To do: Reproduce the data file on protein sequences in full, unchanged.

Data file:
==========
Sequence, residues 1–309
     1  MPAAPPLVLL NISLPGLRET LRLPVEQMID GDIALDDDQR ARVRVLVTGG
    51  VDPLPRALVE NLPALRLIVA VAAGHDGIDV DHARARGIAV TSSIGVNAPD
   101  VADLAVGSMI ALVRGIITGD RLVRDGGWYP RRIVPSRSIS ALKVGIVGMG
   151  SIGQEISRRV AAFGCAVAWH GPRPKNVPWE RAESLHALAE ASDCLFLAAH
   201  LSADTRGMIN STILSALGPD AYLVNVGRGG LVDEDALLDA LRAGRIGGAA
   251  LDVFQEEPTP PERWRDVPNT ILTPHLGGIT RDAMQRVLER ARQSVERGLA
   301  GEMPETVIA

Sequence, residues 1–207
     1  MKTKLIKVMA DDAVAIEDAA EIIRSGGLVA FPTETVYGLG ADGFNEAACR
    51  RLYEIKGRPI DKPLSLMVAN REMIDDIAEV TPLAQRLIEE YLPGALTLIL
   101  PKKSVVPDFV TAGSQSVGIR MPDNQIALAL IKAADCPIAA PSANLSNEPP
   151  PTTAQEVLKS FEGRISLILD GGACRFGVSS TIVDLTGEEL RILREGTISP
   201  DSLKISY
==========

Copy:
Sequence, residues 1–309
     1  MPAAPPLVLL NISLPGLRET LRLPVEQMID GDIALDDDQR ARVRVLVTGG
    51  VDPLPRALVE NLPALRLIVA VAAGHDGIDV DHARARGIAV TSSIGVNAPD
   101  VADLAVGSMI ALVRGIITGD RLVRDGGWYP RRIVPSRSIS ALKVGIVGMG
   151  SIGQEISRRV AAFGCAVAWH GPRPKNVPWE RAESLHALAE ASDCLFLAAH
   201  LSADTRGMIN STILSALGPD AYLVNVGRGG LVDEDALLDA LRAGRIGGAA
   251  LDVFQEEPTP PERWRDVPNT ILTPHLGGIT RDAMQRVLER ARQSVERGLA
   301  GEMPETVIA

Sequence, residues 1–207
     1  MKTKLIKVMA DDAVAIEDAA EIIRSGGLVA FPTETVYGLG ADGFNEAACR
    51  RLYEIKGRPI DKPLSLMVAN REMIDDIAEV TPLAQRLIEE YLPGALTLIL
   101  PKKSVVPDFV TAGSQSVGIR MPDNQIALAL IKAADCPIAA PSANLSNEPP
   151  PTTAQEVLKS FEGRISLILD GGACRFGVSS TIVDLTGEEL RILREGTISP
   201  DSLKISY